Therefore, the issue remains, as it does not compute unless you have selected 2 mono tracks before attempting the operation.
I did note that if you want to use this feature to convert a single mono track to stereo, you can duplicate the track first, THEN use this feature. This way you end up with a stereo track and stereo file with identical L and R side (in effect a mono file on a stereo track)
I bought Cubase Pro about 5 years ago after years of producing in Pro Tools because I did a vocal session with a producer and watched him edit my takes with the variaudio tools. I was floored. Since then I have been satisfied with Cubase as a vocal production tool but I don’t like that I have to send a mono vocal to a group track to use stereo plugins. Yesterday I worked at a friend’s studio who uses Logic and he was able to change a mono track to stereo with the click of a button and begin processing the track with stereo plugins. I thought, “WOW what a great feature, I’m sure Cubase must have something similar, which would make my sessions so much tidier and easier to navigate!”
But from the looks of this thread, Cubase doesn’t yet have this feature, which is quite disappointing. So far the only solutions that I’ve seen on this thread are: A) duplicate the track and convert the two identical mono tracks to a stereo track, which can then benefit from stereo plugins, or B) continue to bus the mono vocal track to a stereo group, as I’ve been doing.
The problem I see with solution A is that I regularly need to record new parts on the vocal track. If I duplicate the track and convert two mono tracks to stereo, what happens if I want to record over an existing part when, for instance, a revision is necessary? I can make all the revisions I want while using solution B, as the mono channel is simply feeding the stereo group.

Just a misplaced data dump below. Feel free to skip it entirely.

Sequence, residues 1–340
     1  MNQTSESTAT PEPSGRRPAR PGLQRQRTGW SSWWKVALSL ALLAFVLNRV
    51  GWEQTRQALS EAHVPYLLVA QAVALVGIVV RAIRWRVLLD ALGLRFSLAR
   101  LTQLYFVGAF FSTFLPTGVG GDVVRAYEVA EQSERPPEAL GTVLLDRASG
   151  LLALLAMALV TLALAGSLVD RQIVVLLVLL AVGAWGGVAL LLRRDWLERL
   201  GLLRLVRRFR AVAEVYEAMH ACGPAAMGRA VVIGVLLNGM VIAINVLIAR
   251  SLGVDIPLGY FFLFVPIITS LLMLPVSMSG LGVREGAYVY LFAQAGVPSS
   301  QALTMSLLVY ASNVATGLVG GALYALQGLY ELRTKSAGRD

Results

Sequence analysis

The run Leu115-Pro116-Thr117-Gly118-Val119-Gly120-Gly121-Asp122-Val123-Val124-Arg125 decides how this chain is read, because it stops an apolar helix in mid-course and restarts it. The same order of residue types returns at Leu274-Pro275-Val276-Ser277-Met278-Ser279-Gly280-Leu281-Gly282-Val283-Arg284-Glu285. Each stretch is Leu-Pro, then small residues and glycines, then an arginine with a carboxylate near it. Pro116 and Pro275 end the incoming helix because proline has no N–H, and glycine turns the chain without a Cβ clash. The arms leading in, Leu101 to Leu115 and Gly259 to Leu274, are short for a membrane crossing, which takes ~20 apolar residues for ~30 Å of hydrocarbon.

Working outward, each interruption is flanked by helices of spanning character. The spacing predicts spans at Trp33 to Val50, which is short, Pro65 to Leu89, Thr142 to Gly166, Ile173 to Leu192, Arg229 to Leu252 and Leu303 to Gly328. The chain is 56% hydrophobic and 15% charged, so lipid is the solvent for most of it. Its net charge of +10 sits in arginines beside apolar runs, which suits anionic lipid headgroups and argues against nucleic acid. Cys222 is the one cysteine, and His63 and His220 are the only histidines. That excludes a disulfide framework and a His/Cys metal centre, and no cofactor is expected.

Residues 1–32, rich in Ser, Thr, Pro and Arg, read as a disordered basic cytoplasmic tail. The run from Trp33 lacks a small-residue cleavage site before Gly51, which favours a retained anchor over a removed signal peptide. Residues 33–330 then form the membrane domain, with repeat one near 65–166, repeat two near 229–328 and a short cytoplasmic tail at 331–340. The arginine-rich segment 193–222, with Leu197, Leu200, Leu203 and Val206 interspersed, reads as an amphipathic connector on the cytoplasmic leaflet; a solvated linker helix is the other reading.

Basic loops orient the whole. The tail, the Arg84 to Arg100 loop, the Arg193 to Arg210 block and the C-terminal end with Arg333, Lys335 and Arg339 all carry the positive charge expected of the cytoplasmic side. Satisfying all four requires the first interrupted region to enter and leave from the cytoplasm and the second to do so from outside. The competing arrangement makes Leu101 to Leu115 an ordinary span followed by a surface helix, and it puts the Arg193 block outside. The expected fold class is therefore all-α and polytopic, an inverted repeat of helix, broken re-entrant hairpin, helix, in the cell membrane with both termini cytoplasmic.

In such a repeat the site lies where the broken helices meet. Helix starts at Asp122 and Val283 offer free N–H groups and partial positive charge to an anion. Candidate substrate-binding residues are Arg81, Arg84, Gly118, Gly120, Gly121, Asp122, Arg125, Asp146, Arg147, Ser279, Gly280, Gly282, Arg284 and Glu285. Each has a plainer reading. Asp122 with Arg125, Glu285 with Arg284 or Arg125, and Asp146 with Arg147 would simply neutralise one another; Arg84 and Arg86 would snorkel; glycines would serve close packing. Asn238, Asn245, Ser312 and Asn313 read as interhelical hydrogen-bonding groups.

I’d love to find a solution that doesn’t require me to create a stereo group for each mono track, so if there are any that I missed or that haven’t yet been posted, I’m interested! Otherwise, +1 user requesting a quick and easy mono > stereo track switching feature.
Why are people even creating and using mono tracks when they want to apply stereo processing to them?!
You can simply create a stereo track and record a mono input there, it will automatically play back on both channels and you can stereo process all year long…
Just don’t ever use mono tracks unless you WANT this track to stay mono forever, with all processing through to the final mix. It is that easy.
By choosing to create a mono or stereo track, you don’t tell Cubase what you want to record. You tell Cubase what you want in the end in your mix.
You guys complaining, simply forget mono tracks exist and record your mono material to stereo tracks from now on.
Cool! I’m stoked about this last suggestion to “create a stereo track and record a mono input there”, but not 100% clear on how it works…
I’m trying it right now: I just recorded a mono vocal to a stereo track, but the stereo region only shows a waveform on the left channel and it only plays in the left channel. So it looks like the mono signal is only recorded to the left channel and it doesn’t play back on both channels. This result is obviously not what should happen, so I think I misunderstood the last suggestion.
Where did I make my mistake? Thanks for clarifying!
How did you set the audio track up? Here is an example:
Pick a mono input, but leave the configuration on Stereo, I don’t know what that does for you, but when I record like that, I get something that looks like this: